Jamaica Loses a Visionary With the Passing of Artist Peter Dean Rickards

Screenshot of The Afflicted Yard website after Peter Dean Rickards' death on December 31, 2014.

Screenshot of The Afflicted Yard website after Peter Dean Rickards’ death on December 31, 2014.

In the early hours of the last day of 2014, the inventive Peter Dean Rickards lost his battle with cancer. Rickards was a photographer, cinematographer and director with an original eye, quick wit and unique perspective. He was also an astute user of social media as a vehicle for his thoughts and his art — right up until his death, he held active accounts on Facebook, Instagram and Twitter, under the handle Afflicted Yard.

And he was. The consummate creative, Rickards was smart, edgy and a little off the wall. On Facebook, people who knew him said he was a man before his time — that Jamaica and the world weren't yet ready for him. 

In a piece shared by ARC Magazine, the pulse of the region's artistic community, Ross Sheil called him Jamaica's “most important artist”. Sheil began by recounting his first encounter with Rickards:

The day I met Peter summed him up perfectly. Sometime in 2003 I was sitting with my then boss by the Kingston Hilton poolside preparing for a meeting with some businessmen or other, when this man with crazy hair showed up for the first time. ‘I’m gonna go shoot Ninjaman [a dancehall DJ] on the run from police…guns…somewhere in the bush…ya wanna come?’


But that was Peter: prepared to do something completely nuts; a something that occurred only to him, and that only he would risk doing; and trusting me, basically a stranger at that time, to share the experience. The end result was that iconic photo of Ninjaman holding Peter’s ‘Get out of jail free’ Monopoly card – one of a series of shots, which included the deejay waving around a loaded gun.

Little did I know then that I’d have the privilege of crashing on his pleather couch for the best part of the year…and dodging the occasional firework he liked to let off inside the apartment.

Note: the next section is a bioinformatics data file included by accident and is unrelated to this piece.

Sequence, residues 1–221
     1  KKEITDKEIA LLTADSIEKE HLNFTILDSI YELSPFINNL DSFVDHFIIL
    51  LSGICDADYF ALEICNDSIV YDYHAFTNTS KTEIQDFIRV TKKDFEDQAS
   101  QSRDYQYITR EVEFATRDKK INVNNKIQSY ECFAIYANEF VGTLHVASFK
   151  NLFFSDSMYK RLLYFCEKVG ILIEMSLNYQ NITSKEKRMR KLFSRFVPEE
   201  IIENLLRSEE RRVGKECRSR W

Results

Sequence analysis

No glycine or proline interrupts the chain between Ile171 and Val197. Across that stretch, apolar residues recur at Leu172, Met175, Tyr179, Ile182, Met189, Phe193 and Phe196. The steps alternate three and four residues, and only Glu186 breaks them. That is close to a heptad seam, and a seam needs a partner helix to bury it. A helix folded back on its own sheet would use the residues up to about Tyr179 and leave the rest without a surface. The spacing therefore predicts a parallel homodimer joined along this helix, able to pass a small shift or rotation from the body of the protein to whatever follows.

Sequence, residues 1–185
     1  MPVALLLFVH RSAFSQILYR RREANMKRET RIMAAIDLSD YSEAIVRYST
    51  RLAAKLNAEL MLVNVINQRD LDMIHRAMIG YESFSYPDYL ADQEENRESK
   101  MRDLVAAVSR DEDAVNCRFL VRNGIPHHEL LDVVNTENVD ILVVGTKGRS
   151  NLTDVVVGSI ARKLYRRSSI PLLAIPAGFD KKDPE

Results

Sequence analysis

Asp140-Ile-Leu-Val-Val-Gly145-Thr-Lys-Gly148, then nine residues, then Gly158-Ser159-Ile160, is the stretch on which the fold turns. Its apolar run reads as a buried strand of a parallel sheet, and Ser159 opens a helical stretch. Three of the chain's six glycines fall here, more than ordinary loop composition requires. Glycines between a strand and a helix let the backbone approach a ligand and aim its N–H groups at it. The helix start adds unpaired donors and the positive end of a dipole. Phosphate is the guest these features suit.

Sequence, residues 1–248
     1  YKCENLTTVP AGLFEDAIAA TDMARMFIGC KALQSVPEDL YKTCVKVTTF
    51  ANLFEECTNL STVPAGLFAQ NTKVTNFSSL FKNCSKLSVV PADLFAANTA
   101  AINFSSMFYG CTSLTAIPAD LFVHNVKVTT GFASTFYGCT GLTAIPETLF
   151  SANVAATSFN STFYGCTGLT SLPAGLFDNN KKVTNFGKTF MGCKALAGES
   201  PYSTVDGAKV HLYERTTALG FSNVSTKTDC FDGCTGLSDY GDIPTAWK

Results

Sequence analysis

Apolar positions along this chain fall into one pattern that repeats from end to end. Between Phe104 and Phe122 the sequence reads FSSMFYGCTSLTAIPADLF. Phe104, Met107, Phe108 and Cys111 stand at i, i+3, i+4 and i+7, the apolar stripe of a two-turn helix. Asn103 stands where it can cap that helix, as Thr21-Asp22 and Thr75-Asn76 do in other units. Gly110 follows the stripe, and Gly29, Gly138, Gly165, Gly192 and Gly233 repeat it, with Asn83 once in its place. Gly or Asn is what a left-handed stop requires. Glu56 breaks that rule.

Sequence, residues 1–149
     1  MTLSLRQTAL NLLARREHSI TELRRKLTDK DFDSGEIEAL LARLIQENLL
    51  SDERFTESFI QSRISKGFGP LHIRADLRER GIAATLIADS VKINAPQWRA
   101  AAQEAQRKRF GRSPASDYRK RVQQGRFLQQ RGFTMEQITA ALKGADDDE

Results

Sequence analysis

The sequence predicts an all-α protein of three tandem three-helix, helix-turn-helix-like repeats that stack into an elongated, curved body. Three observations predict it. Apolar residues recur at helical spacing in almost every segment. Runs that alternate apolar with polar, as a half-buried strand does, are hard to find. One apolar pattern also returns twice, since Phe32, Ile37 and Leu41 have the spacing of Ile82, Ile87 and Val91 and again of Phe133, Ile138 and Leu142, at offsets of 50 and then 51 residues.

The post went on to talk about how Rickards, in hospital towards the end, was “interested only in hearing news about others”:

Peter had lived life to its fullest. And it was his appreciation of life that which was such an essential quality of his art. There weren’t the conventional divides in his work: he crisscrossed uptown as much as downtown as much as country; and he looked outwards of Jamaica as much as he proudly celebrated his own culture.

His eye for a story enabled him to work across different media – from writing to video – and to chance upon random, fascinating subjects that the rest of us would pass on by. Peter would show them in an honest and fresh light: he loved the underdog the unusual, and equally, he shunned the fake or hypocrites.

A self proclaimed “media terrorist”, Rickards often spoke his mind quite bluntly, which didn't always go over well with those with something to lose by it. As an artist and as a Jamaican that understood the nuances and contradictions of his society, Rickards was keenly interested in “challeng[ing] not just the competing foreign depictions of Jamaica as either some ‘Hearts of Darkness’ versus ‘Happy Rastas’ serenading tourists on the beach; but in doing so also to challenge our own insecurities as a small island nation.” Sheil praised Rickards’ “natural sense of inquiry” and autodidacticism:

The moment he found a subject, the little boy inside him became immediately fascinated. He didn’t know how to webcast, so he taught himself, the same way he learned how to build a website and as a photographer began with a crappy 1-megapixel, moving onto a more ‘professional’ camera only after he’d already learned how to frame shots beautifully as well as capture Jamaica’s breathtaking natural light.

I think we call that ‘creativity’. And in the Jamaican context where so many must make do with so little it made his work all the more authentic.

Another close friend, blogger Annie Paul, was heartbroken upon hearing the news of Rickards’ passing and put together a compilation of “some of the most compelling tributes” she found on social media. In the post, Paul made special mention of a tribute from LA Lewis and Rickards’ “magnificent spoof of the artworld –The Concepshional Artist”, which used LA Lewis as his subject. You can see it in this tweet that Rickards sent out shortly before his death:

@walshyfire tweeted:

Berette Macaulay called Rickards “a brilliant visionary of style, wit, and talent”, saying:

He was committed to showing the world the raw side of #Jamaica that frankly few others really looked at or cared to do honest photo-essays about…and he represented this with poetry and the sexiest style. In this singularity I absolutely respected his stubborn tenacious and incomparable vision.

Sweetland Photos, also mentioned in Paul's post, remembered Rickards as “‎always thinking outside of the box, always different, always…FIRST”:

Still trying to grasp some of your work, thats how advanced you were.

Christina Xu's most definitive memory of Rickards was his link with legendary graffiti artist Bansky. On Twitter, friends, colleagues and admirers lauded Rickards’ vision and accomplishments:

It certainly will. Even in death, Rickards decided how the last page of his story would be written.


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